You may not have a smartphone yet, but somewhere in the neighborhood of 150 million other people do. And the number of iPhones and Androids in use is growing at a steady clip. No wonder more than 20% of Google searches now originate from mobile devices.
Perhaps even more important for your business, studies show people using their smartphones to search are in the latter stages of shopping – looking for your location, hours, etc. as opposed to basic research. They are ready to buy, or nearly so.
Unfortunately your regular website isn’t necessarily very welcoming to those conducting a mobile search. You need special optimization. Otherwise your site may appear super-slow not even function properly. Even the smallest laptop screen is far larger than a smartphone screen, so you can easily see the problem.
Now is a good time to get in the mobile game. Most businesses aren’t there yet, so you can get a jump on the competition. However mobile SEO is more complex, so you’ll need to think a little differently about what you offer searchers.
What makes mobile search different?
Mobile searchers are looking for different types of information than “desktop” searchers. They have different usage habits, and there are inherent limitations due to the nature of mobile devices. Your optimization techniques have to reflect that to work well for you.
Mobile users are often focused on location, whether looking for a business, an activity or an event. This can be especially valuable for smaller, local “storefront” businesses, making it easier for people to literally get shoppers in the door.
Optimizing for mobile search also helps you by:
- Showing your business is “with-it.”
- Retaining searcher interest — if your website is painful to use, they’ll go somewhere else.
- Helping you stay connected with potential customers by providing 24/7 website access from anywhere.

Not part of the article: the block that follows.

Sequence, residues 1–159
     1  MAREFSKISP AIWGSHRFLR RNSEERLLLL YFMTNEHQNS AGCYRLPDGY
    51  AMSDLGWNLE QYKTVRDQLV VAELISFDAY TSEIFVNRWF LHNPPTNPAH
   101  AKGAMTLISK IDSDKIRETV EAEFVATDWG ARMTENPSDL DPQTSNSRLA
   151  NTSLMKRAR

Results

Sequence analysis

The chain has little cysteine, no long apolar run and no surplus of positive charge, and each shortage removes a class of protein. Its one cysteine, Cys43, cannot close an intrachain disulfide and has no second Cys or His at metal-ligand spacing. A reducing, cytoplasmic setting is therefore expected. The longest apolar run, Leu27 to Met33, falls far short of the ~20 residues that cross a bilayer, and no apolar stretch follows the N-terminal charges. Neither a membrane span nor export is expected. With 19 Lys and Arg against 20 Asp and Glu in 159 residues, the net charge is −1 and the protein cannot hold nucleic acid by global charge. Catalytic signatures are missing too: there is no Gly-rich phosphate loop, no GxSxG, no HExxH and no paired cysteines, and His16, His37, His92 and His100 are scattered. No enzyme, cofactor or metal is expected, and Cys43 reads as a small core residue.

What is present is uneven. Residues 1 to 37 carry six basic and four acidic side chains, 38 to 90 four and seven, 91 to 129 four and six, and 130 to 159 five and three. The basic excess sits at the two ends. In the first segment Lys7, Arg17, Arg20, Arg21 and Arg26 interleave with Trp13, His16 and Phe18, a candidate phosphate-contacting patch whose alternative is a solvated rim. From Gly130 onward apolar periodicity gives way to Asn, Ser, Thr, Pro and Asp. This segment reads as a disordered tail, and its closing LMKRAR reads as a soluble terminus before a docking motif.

- Allowing you to incorporate specific features such as maps or click-to-call.
- Improving rankings on mobile-friendly search engines such as Google.
- Enabling coordination of online and offline media to broaden and reinforce your marketing campaigns.
- Offering a useful alternative to creating special apps.
How can beginners make the most of mobile search?
- There are a couple of basic, proven techniques for making the most of your core mobile architecture: altering your content to display well on mobile devices or creating entirely new mobile-specific pages.
- Use Google Places to capture mobile users who are using geographic references to find local results.
- Ask mobile searchers to bookmark your website, or offer an easy app that links them directly with your site so they don’t have to conduct a search every time.
- Especially if your website emphasizes your brand or product names, you’ll need different keywords that may work better for mobile search. Create parallel campaigns and compare results. Or try using your own smartphone (or borrow one) to conduct potential searches, and see how the results differ from desktop searches for the same keywords.
- There are fewer filters above search results, and image and video results also appear on top. This is different from desktop search, so create and optimize your mobile content accordingly. The good news is that fewer filters may give you higher click-through-rates.
- Put the most important content up front – always good advice anyway. Searchers may use slightly different terminology (or partial words), because mobile search fills in the blanks for them with auto-complete.
So who cares about mobile search? You, we hope. Because making life easy and pleasant for mobile searchers will encourage them to return to your website, giving you more opportunities to make a sale.
You simply can’t afford to ignore the growing segment of online searchers using mobile devices. In fact, once you get your website “mobilized,” you may also want to consider adding mobile search or display paid advertising.
Photo courtesy of Flickr user robzand.